When does it meet?

The Federation Chamber usually meets on Mondays from 10.30 a.m. to 7.30 p.m. (with a break between 1.30 p.m. and 4 p.m.), on Tuesdays from 4 p.m. to 7.30 p.m., on Wednesdays from 10 a.m. to 7.30 p.m. (with a break between 1 p.m. and 4 p.m.) and on Thursdays, from 10 a.m. to 1 p.m. These hours may be extended if the amount of business necessitates—for example to consider the annual appropriation (budget) bills. Although the standing orders (written rules) permit the Federation Chamber to meet at any time during a sitting of the House, in practice it does not meet during Question Time or at other times when all or most Members might be expected to be present in the Chamber.

If the Federation Chamber is meeting at the time that the House adjourns (finishes sitting for the day), it also must adjourn immediately.

Why have the Federation Chamber?

The intention behind the establishment of the Federation Chamber is to give Members extra opportunities to speak on certain bills or reports and at the same time free the Chamber for debate on other matters. This allows the time of the House to be used more effectively, and in a sense, significantly increases the amount of time available for considering business. It also provides extra opportunities for private Members to make speeches on topics of their own choice.

It has been said that the smaller room used by the Federation Chamber has led to its debates generally being more intimate and interactive than those in the House itself. This has contributed to its popularity with many Members as a debating venue.

Federation Chamber procedures

Substantially the same as the House

Procedures in the Federation Chamber are substantially the same as those operating in the Chamber for the same type of business, with the exception of those relating to the subordinate nature of the Federation Chamber—for example, the need to report back to the House.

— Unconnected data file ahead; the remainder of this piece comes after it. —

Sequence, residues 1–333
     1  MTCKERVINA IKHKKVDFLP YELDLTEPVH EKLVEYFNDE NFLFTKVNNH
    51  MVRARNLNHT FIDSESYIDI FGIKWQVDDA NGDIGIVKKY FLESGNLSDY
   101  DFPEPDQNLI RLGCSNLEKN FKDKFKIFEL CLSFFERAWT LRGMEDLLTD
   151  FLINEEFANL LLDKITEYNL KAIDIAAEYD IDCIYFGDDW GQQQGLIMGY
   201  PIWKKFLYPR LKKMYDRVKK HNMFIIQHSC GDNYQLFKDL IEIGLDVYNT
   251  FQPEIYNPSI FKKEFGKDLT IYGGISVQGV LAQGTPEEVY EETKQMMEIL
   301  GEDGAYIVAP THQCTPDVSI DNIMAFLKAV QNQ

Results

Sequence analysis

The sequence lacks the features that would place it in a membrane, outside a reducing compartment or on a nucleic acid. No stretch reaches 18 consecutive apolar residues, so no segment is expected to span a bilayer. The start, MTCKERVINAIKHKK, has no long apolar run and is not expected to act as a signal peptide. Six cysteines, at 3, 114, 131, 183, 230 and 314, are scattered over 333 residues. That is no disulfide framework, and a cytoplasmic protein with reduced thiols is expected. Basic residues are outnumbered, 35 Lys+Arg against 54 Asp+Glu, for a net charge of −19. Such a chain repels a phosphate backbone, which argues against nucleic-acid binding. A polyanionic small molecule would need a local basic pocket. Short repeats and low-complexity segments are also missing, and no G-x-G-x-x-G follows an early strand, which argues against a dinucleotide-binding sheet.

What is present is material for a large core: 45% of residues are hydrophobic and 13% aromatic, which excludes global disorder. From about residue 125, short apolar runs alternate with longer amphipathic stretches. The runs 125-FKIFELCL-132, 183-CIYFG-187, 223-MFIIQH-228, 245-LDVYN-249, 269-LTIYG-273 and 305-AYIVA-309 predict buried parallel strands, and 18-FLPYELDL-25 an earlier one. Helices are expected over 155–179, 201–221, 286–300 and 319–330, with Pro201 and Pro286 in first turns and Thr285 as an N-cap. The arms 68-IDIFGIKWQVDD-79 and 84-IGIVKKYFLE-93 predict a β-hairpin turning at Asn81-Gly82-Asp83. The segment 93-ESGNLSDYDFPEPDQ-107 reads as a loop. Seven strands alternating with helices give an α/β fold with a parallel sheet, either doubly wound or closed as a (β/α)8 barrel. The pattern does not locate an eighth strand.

Guiding principle—co-operation

There is, however, the very important difference that there is no provision for division (recorded vote) in the Federation Chamber—if business cannot be progressed by general agreement it is reported back to the House as ‘unresolved’ (Infosheet No. 14 ‘Making decisions—debate and division’ provides an explanation of the voting procedures in the House). This factor perhaps best highlights the guiding principle behind the operation of the Federation Chamber—co-operation. Business is generally only referred to the Federation Chamber following agreement on the referral between government and non-government Members. Disagreements occurring in the Federation Chamber are referred back to the House for settlement; disorder in the Federation Chamber can result in the expulsion (for 15 minutes) of the Member responsible, or suspension or adjournment of the Federation Chamber.


Other details

Other details of the operation of the Federation Chamber include:

  • Its proceedings are suspended while divisions are taking place in the House
  • The quorum is three, to include, in addition to the Chair, one government and one non-government Member
  • In cases of disorder the Chair may suspend proceedings, and on motion by any Member the Chair must do so
  • A Minister may move that further proceedings on an item of business be taken in the House, and any Member may move that the Federation Chamber adjourn
  • Decisions are taken on the voices; even one dissenting Member makes a decision unresolved
  • Proceedings on a bill may be continued regardless of unresolved questions (unless the nature of the unresolved question makes this impractical)

For more information

House of Representatives Practice, 7th edn, Department of the House of Representatives, Canberra, 2018, pp. 305, 358–9, 575, 642, 781–91.

House of Representatives Standing Committee on Procedure, Renaming the Main Committee, 2004.

Images courtesy of AUSPIC.